The number of training contracts registered in 2011-12 has fallen 10.5 per cent lower than the number in 2010-11 and 16 per cent lower than pre-recession figures.
In 2011-12, 4,869 training contracts were registered. By contrast, 5,441 were given in 2010-11 and 6,303 in 2006-07.
The figures, reported in the Law Society’s Annual Statistics Report, reveal that the number of training contracts is barely higher than when records began in 1998-99. In that year, 4,827 training contracts were registered.
Almost one in four trainee registrations in 2011-12 were for trainees from a black, asian or minority ethnic (BAME) background, whereas 10 years ago, 20 per cent of trainee registrations were from BAME groups.
BAME solicitors comprise 13 per cent of the total number of solicitors although they are under-represented in London, relative to the make-up of London’s population.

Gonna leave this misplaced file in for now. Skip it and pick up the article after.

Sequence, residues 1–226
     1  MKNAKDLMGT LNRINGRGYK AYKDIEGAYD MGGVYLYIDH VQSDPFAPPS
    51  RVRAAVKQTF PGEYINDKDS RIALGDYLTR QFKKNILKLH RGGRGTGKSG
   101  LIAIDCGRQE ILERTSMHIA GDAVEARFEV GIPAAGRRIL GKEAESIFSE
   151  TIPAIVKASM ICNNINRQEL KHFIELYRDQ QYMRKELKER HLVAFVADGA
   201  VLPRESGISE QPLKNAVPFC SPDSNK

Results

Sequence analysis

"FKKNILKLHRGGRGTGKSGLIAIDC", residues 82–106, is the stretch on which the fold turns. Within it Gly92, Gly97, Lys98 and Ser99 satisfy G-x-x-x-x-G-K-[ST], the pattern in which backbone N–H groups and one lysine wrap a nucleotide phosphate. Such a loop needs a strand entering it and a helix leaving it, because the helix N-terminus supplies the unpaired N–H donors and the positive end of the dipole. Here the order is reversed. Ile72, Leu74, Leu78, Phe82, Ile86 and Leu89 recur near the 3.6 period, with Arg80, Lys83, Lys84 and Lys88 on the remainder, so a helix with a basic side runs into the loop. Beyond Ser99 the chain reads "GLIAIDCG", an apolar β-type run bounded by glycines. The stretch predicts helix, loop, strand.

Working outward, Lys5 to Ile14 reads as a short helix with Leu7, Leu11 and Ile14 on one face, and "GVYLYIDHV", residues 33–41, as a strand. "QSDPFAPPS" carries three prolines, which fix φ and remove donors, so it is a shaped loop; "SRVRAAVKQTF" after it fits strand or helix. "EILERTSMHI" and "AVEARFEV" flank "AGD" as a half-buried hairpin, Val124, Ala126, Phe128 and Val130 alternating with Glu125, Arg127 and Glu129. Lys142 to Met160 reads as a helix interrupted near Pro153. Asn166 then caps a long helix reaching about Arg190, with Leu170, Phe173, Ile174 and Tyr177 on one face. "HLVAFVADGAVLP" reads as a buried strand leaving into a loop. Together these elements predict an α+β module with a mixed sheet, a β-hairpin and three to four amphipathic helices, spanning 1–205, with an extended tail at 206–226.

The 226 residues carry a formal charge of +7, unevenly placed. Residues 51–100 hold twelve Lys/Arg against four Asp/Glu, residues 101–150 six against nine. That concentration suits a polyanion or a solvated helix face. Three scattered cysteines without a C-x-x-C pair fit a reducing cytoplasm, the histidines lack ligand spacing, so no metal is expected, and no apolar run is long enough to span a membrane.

The proportion of solicitors who are female has increased nine percentage points during the last decade, from 39.5 per cent in 2002 to 48.2 per cent today.
However, overall, numbers are up, with 165,971 solicitors on the roll this year, compared to 159,524 solicitors in 2011. This is a 4.4 per cent increase.
Despite decreases in the number of training contracts available, 5.5 per cent more applicants were accepted to read law nationwide than in 2011.
Of those applying to read law the majority of successful applicants were women. Almost twice as many women were accepted onto law courses as men, 13,007 compared with 7,765. More than one third of successful UK applicants (35.6 per cent) were from a BAME background.
Just 60 per cent of law graduates graduated with a first or upper second class degree, up from just over half one decade ago, suggesting that university admissions processes are out of sync with law firm recruitment techniques.
Allen & Overy threw away more money invested on trainees than any other top 20 UK firm, according to research by The Lawyer that shows that trainee attrition last year cost magic circle outfits more than £10m between them. (29 April 2013).
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